Newport Rhode Island
was accomplished with absolute honesty. We all reverence the name of
Cavour, but Cavour did not consent to abandon Nice to France with
clean hands. When men have political ends to gain they regard their op- We the we consisting of my wife and myself left Liverpool for Boston
ponents as adversaries, and then that old rule of war is brought to bear, on the 24th August, 1861, in the Arabia, one of Cunard’s North Ameri-
deceit or valor either may be used against a foe. Would it were not so! can mail packets. We had determined that my wife should return alone
The rascally rule rascally in reference to all political contests is be- at the beginning of winter, when I intended to go to a part of the coun-
coming less universal than it was. But it still exists with suf cient force try in which, under the existing circumstances of the war, a lady might
to be urged as an excuse; and while it does exist it seems almost needless not feel herself altogether comfortable. I proposed staying in America
to show that a certain amount of fraud has been used by a certain party over the winter, and returning in the spring; and this programme I have
in a revolution. If the South be ultimately successful, the fraud of which carried out with suf cient exactness.
it may have been guilty will be condoned by the world. The Arabia touched at Halifax; and as the touch extended from 11
The Southern or Democratic party of the United States had, as all A.M. to 6 P.M. we had an opportunity of seeing a good deal of that
men know, been in power for many years. Either Southern Presidents colony; not quite suf cient to justify me at this critical age in writing
had been elected, or Northern Presidents with Southern politics. The a chapter of travels in Nova Scotia, but enough perhaps to warrant a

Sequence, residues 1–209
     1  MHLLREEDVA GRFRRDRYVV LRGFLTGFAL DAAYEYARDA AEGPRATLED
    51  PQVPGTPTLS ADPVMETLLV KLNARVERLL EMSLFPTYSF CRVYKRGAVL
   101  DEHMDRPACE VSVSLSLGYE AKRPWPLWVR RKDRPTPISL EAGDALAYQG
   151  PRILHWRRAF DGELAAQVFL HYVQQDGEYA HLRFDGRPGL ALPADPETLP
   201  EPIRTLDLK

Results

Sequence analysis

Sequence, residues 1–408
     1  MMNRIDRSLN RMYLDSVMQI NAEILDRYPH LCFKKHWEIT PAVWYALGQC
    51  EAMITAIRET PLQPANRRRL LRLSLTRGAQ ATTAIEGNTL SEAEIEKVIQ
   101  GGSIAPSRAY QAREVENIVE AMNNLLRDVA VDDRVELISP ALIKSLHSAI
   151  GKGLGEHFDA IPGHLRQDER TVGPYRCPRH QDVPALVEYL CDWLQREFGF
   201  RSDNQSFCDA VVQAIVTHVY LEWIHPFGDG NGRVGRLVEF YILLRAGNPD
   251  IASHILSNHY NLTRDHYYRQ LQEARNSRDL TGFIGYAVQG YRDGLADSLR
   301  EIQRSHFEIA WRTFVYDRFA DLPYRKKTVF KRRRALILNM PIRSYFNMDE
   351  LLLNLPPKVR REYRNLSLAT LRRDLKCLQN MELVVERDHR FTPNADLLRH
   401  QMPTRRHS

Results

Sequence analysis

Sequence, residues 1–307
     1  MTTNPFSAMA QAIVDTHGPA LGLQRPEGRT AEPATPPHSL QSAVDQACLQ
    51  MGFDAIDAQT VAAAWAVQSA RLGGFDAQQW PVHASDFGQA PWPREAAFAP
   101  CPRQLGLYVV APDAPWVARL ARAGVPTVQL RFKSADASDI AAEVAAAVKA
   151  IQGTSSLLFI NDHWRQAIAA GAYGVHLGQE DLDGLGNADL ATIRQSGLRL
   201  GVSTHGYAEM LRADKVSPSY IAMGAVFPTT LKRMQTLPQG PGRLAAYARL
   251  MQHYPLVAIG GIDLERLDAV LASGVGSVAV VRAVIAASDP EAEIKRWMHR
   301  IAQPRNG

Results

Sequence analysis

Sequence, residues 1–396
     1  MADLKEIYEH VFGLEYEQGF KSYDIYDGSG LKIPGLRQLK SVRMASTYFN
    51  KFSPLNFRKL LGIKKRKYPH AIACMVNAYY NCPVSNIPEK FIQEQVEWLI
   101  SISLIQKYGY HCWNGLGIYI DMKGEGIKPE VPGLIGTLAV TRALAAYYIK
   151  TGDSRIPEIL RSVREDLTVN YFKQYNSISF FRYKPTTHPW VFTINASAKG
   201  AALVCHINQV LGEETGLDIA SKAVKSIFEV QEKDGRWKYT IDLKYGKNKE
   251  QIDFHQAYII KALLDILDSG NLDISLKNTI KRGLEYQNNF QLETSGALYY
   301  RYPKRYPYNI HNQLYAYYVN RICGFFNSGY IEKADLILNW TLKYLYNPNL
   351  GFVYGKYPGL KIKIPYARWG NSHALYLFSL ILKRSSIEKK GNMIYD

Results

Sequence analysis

South for many years had had the disposition of military matters, and paragraph. It chanced that a cousin of mine was then in command of
the power of distributing military appliances of all descriptions. It is the troops there, so that we saw the fort with all the honors. A dinner on
now alleged by the North that a conspiracy had long been hatching shore was, I think, a greater treat to us even than this. We also inspected
in the South with the view of giving to the Southern States the power sundry specimens of the gold which is now being found for the rst time
of secession whenever they might think t to secede; and it is further in Nova Scotia, as to the glory and probable pro ts of which the Nova
alleged that President after President, for years back, has unduly sent Scotians seemed to be fully alive. But still, I think the dinner on shore
the military treasure of the nation away from the North down to the took rank with us as the most memorable and meritorious of all that we
South, in order that the South might be prepared when the day should did and saw at Halifax. At seven o’clock on the morning but one after
come. That a President with Southern instincts should unduly favor the that we were landed at Boston.
South, that he should strengthen the South, and feel that arms and am- At Boston I found friends ready to receive us with open arms, though
munition were stored there with better effect than they could be stored they were friends we had never known before. I own that I felt myself
in the North, is very probable. We all understand what is the bias of burdened with much nervous anxiety at my rst introduction to men
a man’s mind, and how strong that bias may become when the man and women in Boston. I knew what the feeling there was with reference
is not especially scrupulous. But I do not believe that any President to England, and I knew also how impossible it is for an Englishman
previous to Buchanan sent military materials to the South with the self- to hold his tongue and submit to dispraise of England. As for going
acknowledged purpose of using them against the Union. That Buchanan among a people whose whole minds were lled with affairs of the war,
18 19